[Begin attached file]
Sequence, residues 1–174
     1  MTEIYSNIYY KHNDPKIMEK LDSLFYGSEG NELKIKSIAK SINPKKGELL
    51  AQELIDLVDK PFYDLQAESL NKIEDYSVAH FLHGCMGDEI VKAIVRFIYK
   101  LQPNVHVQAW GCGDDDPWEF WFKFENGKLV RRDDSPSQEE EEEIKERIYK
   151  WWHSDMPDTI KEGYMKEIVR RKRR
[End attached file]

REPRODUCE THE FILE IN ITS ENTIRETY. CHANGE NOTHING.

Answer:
Sequence, residues 1–174
     1  MTEIYSNIYY KHNDPKIMEK LDSLFYGSEG NELKIKSIAK SINPKKGELL
    51  AQELIDLVDK PFYDLQAESL NKIEDYSVAH FLHGCMGDEI VKAIVRFIYK
   101  LQPNVHVQAW GCGDDDPWEF WFKFENGKLV RRDDSPSQEE EEEIKERIYK
   151  WWHSDMPDTI KEGYMKEIVR RKRR